Acts 24:15
And have hope toward God, which they themselves also allow, that there shall be a resurrection of the dead, both of the just and unjust.
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(15) Which they themselves also allow . . .—We have the same tact, perhaps also the same sympathy, as in Acts 23:6. He identifies himself, on this point, not only with the Pharisees but with the great bulk of the Jewish people.

24:10-21 Paul gives a just account of himself, which clears him from crime, and likewise shows the true reason of the violence against him. Let us never be driven from any good way by its having an ill name. It is very comfortable, in worshipping God, to look to him as the God of our fathers, and to set up no other rule of faith or practice but the Scriptures. This shows there will be a resurrection to a final judgment. Prophets and their doctrines were to be tried by their fruits. Paul's aim was to have a conscience void of offence. His care and endeavour was to abstain from many things, and to abound in the exercises of religion at all times; both towards God. and towards man. If blamed for being more earnest in the things of God than our neighbours, what is our reply? Do we shrink from the accusation? How many in the world would rather be accused of any weakness, nay, even of wickedness, than of an earnest, fervent feeling of love to the Lord Jesus Christ, and of devotedness to his service! Can such think that He will confess them when he comes in his glory, and before the angels of God? If there is any sight pleasing to the God of our salvation, and a sight at which the angels rejoice, it is, to behold a devoted follower of the Lord, here upon earth, acknowledging that he is guilty, if it be a crime, of loving the Lord who died for him, with all his heart, and soul, and mind, and strength. And that he will not in silence see God's word despised, or hear his name profaned; he will rather risk the ridicule and the hatred of the world, than one frown from that gracious Being whose love is better than life.And have hope toward God - Having a hope of the resurrection of the dead, which arises from the promises of God.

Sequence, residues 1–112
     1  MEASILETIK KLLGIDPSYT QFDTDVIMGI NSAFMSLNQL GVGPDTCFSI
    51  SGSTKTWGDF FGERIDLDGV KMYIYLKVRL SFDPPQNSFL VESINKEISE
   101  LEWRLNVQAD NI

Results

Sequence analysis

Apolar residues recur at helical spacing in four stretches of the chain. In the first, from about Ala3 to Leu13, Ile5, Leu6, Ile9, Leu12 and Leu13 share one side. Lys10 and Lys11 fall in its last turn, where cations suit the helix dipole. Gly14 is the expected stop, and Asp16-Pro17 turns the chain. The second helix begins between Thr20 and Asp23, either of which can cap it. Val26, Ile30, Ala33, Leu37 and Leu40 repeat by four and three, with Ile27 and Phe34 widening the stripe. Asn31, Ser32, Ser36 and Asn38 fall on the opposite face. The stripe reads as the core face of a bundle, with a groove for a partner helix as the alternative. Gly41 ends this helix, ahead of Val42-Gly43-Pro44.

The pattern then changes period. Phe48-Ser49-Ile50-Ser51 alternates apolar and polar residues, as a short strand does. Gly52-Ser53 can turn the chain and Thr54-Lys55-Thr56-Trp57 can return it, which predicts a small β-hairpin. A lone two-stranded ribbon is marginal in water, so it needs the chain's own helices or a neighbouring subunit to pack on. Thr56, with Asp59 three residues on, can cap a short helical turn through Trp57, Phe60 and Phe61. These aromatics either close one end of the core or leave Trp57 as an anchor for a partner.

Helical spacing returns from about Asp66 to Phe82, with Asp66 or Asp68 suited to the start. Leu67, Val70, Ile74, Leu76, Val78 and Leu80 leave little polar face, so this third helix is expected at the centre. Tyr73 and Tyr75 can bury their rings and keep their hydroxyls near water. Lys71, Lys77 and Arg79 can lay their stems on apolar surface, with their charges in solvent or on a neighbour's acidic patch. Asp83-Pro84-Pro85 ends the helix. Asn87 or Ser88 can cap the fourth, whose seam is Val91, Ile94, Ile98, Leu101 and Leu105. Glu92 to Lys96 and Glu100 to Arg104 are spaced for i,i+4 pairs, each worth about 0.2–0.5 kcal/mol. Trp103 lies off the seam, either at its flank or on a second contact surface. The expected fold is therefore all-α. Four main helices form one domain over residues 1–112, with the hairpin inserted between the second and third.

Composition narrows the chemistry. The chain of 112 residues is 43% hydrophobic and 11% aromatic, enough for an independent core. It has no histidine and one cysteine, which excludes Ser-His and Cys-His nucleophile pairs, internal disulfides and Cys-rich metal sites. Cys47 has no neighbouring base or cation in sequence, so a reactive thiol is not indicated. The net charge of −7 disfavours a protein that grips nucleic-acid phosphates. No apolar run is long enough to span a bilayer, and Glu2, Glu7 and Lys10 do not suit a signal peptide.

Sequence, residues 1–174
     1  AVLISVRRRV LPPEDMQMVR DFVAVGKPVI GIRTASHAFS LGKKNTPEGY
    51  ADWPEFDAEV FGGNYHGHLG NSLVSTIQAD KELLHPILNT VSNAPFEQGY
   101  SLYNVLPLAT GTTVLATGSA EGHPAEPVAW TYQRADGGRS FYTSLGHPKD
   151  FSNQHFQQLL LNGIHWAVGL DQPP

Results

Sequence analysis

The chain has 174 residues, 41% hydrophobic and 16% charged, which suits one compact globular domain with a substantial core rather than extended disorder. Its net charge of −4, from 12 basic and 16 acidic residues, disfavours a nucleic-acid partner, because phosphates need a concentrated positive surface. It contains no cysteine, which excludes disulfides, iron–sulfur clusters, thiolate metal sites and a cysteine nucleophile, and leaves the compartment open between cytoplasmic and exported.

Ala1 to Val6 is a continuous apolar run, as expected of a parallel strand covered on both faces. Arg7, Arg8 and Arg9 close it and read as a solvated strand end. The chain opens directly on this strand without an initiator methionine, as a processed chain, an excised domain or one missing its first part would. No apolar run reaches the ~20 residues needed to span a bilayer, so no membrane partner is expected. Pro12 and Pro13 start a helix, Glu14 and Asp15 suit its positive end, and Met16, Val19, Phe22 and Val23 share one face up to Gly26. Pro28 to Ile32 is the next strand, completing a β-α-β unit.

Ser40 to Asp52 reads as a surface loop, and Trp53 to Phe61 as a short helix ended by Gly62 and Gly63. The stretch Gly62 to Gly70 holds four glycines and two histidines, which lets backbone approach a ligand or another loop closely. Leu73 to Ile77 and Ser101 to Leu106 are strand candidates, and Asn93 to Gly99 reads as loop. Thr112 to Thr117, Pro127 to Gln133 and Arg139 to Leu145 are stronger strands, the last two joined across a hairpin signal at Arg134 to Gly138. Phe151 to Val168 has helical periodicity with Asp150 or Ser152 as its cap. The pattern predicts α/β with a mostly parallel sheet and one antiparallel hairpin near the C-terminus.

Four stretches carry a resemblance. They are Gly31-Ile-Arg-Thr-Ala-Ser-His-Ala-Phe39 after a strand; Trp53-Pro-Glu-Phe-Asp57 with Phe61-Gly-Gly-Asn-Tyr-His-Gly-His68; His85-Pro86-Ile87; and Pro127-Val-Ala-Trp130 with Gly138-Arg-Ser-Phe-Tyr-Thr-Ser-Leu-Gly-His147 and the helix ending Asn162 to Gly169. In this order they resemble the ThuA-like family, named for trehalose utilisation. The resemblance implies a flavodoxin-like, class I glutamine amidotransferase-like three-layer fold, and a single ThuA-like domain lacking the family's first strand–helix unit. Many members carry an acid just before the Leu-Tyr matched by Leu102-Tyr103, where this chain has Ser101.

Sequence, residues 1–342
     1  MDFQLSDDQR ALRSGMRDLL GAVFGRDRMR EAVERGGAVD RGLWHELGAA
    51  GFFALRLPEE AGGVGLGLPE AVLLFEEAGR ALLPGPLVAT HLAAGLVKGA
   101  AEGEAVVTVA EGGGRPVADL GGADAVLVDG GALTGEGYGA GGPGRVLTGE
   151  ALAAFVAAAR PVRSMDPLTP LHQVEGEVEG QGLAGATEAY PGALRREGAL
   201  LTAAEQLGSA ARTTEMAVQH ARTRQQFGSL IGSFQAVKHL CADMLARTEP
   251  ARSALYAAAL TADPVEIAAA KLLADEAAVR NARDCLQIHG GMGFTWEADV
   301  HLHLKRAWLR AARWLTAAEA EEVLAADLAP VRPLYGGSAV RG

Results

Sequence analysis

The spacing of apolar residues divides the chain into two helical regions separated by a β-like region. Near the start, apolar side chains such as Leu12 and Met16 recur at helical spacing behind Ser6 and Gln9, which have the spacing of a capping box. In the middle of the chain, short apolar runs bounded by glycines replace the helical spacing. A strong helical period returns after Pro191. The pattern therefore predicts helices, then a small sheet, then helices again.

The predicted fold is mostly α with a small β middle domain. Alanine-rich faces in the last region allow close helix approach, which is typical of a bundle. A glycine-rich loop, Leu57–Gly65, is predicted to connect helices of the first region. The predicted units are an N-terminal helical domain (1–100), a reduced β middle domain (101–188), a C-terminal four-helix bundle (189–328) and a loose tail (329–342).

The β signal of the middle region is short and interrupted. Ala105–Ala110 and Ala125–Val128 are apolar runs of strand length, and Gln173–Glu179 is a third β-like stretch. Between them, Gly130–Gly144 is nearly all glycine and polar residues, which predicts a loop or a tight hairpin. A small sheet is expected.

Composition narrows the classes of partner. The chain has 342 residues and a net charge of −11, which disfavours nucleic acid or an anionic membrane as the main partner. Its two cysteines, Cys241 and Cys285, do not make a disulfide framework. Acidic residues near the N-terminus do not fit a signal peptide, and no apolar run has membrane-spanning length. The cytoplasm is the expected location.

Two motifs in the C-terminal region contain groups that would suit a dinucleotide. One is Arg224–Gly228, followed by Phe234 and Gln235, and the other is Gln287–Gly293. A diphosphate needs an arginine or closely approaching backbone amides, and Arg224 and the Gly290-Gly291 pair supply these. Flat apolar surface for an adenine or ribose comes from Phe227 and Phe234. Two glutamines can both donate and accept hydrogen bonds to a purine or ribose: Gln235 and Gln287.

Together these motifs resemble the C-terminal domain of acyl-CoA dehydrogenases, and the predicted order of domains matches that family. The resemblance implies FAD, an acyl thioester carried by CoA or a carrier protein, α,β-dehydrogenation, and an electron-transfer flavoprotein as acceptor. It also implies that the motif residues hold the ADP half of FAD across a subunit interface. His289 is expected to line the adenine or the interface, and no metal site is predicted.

Which they themselves ... - That is, the Pharisees. Perhaps he designated in this remark the Pharisees who were present. He held nothing in this great cardinal point which they did not also hold. For the reasons why he introduced this point so prominently, and the success of thus introducing it, see the notes on Acts 23:1-9.

Both of the just and unjust - Of the righteous and the wicked; that is, of all the race. As they held this, they could not arraign him for holding it also.

15. And have hope … as they themselves … allow, that there shall be a resurrection, &c.—This appeal to the faith of his accusers shows that they were chiefly of the Pharisees, and that the favor of that party, to which he owed in some measure his safety at the recent council (Ac 23:6-9), had been quite momentary. Which they themselves also allow; the wiser sort amongst them, the Pharisees, (though bad was the best), and yet they were not for this opinion persecuted by the Sadducees.

A resurrection of the dead; the resurrection of the dead is again owned as the chief matter Paul preached upon, and in which all his other doctrines and opinions did centre, it being indeed the foundation of that faith and manners, 1 Corinthians 15:13, of that belief and holy life, which St. Paul preached upon.